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Dom Perignon (1639 – 1715) greets the visitors of Moët & Chandon ✨ He was a French Benedictine monk who made important contributions (it is said, some of the most important inventions) to the production and quality of champagne, hallmarks such as particularly extensive blending of grapes from multiple vineyards 🍾 . #heavenonearth #avenuedechampagne #champagneisalwaysagoodidea #champagnetasting #champagne #champagnehouse #pieceofhistory #travelphotography #travelgram #travelmemories #winery #vineyards #moët #moetchandon #moetmoment #beautifuldestinations #france #paris #reims #epernay #aÿ #hautvillers #hautvillersabbey #domperignon #domruinart #vieillesvignes #pinotnoir #pinotmeunier #chardonney

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‘Come quickly, I’m tasting the stars!’ exclaimed Dom Pérignon, a 17th-century French Benedictine monk when he first sipped the effervescent elixir we now know as champagne. And here’s a lesser-known fact, champagne was once considered as a result of careless winemaking back then. Dom Pérignon simply couldn’t get rid of the bubbles which were a major problem for winemakers of the time. Fortunately, the flavour of the tongue-tingling wine got the royals hooked and champagne became the Drink of Kings.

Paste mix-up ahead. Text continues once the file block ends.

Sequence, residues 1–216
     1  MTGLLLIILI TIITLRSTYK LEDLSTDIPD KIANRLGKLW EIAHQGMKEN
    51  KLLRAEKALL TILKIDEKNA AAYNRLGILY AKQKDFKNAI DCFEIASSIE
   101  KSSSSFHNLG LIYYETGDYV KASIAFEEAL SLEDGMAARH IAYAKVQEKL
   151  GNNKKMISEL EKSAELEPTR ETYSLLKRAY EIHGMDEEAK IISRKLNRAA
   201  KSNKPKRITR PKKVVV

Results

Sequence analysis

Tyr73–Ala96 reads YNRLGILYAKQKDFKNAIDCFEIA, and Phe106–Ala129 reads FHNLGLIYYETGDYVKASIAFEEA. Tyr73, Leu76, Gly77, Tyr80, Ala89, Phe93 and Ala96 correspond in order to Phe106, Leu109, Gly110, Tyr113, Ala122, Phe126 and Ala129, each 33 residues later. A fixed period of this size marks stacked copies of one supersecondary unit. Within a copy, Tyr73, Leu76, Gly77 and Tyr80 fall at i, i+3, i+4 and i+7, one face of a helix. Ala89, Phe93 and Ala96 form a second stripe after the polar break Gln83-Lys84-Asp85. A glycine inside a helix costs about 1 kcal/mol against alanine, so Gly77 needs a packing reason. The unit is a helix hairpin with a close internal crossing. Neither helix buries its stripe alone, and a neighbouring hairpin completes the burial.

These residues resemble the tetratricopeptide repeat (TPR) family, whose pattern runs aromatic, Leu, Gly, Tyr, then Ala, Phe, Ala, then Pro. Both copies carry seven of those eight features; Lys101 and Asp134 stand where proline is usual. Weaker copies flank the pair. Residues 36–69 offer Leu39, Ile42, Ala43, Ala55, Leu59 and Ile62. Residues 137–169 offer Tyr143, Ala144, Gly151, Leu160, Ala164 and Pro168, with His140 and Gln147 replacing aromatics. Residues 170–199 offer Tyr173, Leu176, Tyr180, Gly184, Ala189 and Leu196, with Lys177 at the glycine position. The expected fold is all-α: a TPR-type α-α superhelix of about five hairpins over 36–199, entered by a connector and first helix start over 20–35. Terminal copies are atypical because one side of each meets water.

Whether or not the star-sipping anecdote is true, Dom Pérignon is remembered in legend as the “Father of Champagne”. Today, Dom Pérignon Champagne is the world’s beloved vintage champagne brand and a taste of luxury. When drinking a glass of bubbly, it is apropos to tasting the stars.

Visit the Cradle of Champagne – Hautvillers 

Step back in time some 300 years with a visit to the Benedictine Abbey in Hautvillers.

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The Abbaye Saint-Pierre d’Hautvillers was founded in 650. Perched atop the Montagne de Reims, this fabled outpost stands as a sentinel to the sweep of history, never lifting its gaze from sprawling fields where crops have been tended for four millennia, where countless wars have been won and lost and where vignerons now battle earth and sky in the ultimate quest to nurture grapes to ripeness. And so it has gone since the very birth of sparkling wine. The tombs of Dom Pérignon and Dom Ruinart are here. It was in this abbey that Dom Pérignon lived and worked more than three centuries ago, establishing principles of sparkling winemaking which to this day define the work of every slope and village in view, and a thousand others beyond. Under his stewardship, the Abbey doubled the size of its vineyard holdings. In visiting this sacred place, I wonder how often he gazed upon this very outlook, surveying lines of vines that make a patchwork on the hillside below and all the way to the horizon, eavesdropping on the murmurings of the sky and their touch on the earth; noting the finest sites for sparkling wines; unravelling the diverse and detailed landscape that is Champagne.
#champagne #domperignon #hautvillers #hautvillersabbey